A parliament is a very powerful institution and provided it is not emasculated by investor state dispute settlement protocols that were part of the TPP and TTIP, and your nation isn’t particularly small or vulnerable, a parliament can easily take on any international corporation or industry group. Any international agreement such as the TPP or any FTA can at anytime be abrogated by parliament in any case but other parties may seek to impose penalties, but sometimes one must play hard.

    Denying access to your nation’s consumers or market is an extremely powerful tool and should be used frequently along with fines, taxes, royalty payments, regulations, business breakup and nationalisation. Parliaments and governments should be willing to inflict pain in all sorts of imaginative ways on non compliant corporations and all this should all be perfectly legal if well implemented as parliaments write the laws. Such a restoration of the power balance in favour of the people is likely to be electorally popular but it would require determined political leadership and a powerful popular movement to back it up.

    Wouldn’t it be wonderful for Rupert to be prosecuted and to end his days in jail with confiscation of all assets?

    I suspect a few terms of a federal Labor government will not suffice to swing the power pendulum away from the money men, even if it would no doubt be a considerable improvement over the totally corrupt Liberal and National Coalition government.

    A reasonable immediate goal in my opinion may be to petition, protest and agitate for proportional representation voting for the lower houses of our parliaments. The Tasmanian and ACT Hare-Clark voting system or the New Zealand and German mixed-member proportional (MMP) voting system are both worthy options. Even more democratic options such as the Swiss voting system would be even better but may be a bridge too far.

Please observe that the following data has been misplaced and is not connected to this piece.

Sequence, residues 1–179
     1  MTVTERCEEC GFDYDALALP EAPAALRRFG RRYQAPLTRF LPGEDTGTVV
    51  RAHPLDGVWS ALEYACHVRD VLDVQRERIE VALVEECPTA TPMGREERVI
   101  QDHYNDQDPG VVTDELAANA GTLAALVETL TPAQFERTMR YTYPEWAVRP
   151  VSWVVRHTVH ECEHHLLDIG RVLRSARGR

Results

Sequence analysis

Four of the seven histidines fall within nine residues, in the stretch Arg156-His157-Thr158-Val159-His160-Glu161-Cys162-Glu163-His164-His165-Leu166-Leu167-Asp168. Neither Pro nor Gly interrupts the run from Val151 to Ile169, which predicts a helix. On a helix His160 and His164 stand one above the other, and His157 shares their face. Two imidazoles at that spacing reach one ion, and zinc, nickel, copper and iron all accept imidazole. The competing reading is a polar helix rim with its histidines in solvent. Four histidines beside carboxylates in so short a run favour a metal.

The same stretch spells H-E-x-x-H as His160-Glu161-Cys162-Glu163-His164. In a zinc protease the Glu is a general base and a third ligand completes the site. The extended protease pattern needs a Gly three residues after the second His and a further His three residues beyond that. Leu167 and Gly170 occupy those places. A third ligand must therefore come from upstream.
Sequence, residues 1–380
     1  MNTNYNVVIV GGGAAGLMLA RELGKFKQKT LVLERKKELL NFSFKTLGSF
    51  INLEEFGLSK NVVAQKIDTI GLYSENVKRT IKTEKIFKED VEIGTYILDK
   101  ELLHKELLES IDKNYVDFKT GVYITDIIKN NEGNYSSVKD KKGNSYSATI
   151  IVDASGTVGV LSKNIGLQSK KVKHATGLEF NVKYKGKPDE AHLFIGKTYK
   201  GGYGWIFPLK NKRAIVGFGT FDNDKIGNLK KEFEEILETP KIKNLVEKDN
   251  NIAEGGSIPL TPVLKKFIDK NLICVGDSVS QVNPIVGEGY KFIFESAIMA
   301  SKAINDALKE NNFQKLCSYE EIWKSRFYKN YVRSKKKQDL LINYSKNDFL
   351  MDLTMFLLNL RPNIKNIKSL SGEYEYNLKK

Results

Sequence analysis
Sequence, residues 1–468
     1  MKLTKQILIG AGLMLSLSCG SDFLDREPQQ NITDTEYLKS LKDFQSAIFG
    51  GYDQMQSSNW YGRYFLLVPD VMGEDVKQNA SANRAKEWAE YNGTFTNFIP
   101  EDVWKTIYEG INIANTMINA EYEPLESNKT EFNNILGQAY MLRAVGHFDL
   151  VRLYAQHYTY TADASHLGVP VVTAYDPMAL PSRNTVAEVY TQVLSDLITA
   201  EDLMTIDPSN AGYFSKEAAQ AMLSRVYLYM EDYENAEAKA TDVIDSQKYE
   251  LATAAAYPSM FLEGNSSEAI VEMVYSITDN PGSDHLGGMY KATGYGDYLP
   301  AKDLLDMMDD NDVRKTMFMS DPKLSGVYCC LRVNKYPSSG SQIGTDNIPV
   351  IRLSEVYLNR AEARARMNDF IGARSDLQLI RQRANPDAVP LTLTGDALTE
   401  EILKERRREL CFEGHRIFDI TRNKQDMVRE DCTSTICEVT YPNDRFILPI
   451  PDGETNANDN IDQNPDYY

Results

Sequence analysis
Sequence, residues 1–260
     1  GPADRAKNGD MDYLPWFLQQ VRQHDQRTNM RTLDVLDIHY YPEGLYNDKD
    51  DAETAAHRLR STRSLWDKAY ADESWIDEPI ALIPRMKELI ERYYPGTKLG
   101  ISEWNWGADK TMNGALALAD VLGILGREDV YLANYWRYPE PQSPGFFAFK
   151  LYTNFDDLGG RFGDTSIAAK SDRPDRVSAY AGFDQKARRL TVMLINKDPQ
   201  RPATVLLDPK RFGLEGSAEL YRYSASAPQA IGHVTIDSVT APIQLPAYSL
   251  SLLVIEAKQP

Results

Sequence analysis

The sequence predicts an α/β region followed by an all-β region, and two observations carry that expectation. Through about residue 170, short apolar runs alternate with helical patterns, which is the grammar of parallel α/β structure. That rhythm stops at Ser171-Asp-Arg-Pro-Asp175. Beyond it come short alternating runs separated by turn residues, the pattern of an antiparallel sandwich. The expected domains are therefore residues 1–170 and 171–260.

Mass media reform and getting the money out of politics should also be top priorities.

    Sitting back and passively waiting for the next election and the current political process to improve will unfortunately on current trends not suffice and will almost certainly lead eventually to some sort of brutal militaristic corporate feudalism on a planet with runaway global warming and global war.

  35. Miriam English

    Ella Miller, I listened to Dr Vandana Shiva in the Big Ideas talk
    and have been reading some of her writings. While I am broadly sympathetic with much that she says, I’m also very uncomfortable with a heck of a lot of what she says. She plays fast and loose with statistics, often distorting them out of shape completely to further her message. This is very dangerous. It seems she is an ideologue. Such a person doesn’t really care about facts, but pushes an agenda regardless of the facts.

    She has managed to whip a great frenzy against industrial farming, pesticides, fertilisers, genetically modified organisms (GMOs), and Monsanto. She wants us to go back to millions of small owner-farms, organically tilled, with traditional varieties, without fertilisers, pesticides, or GMOs.

    In large part I agree, but firstly we won’t discard fertilisers, pesticides, and GMOs immediately, but if her movement somehow rose to a strength where they did, we’d risk millions, perhaps billions starving. Her facts are too often just plain wrong. We can’t base important decisions upon feel-good myths. Religion shows how badly that turns out.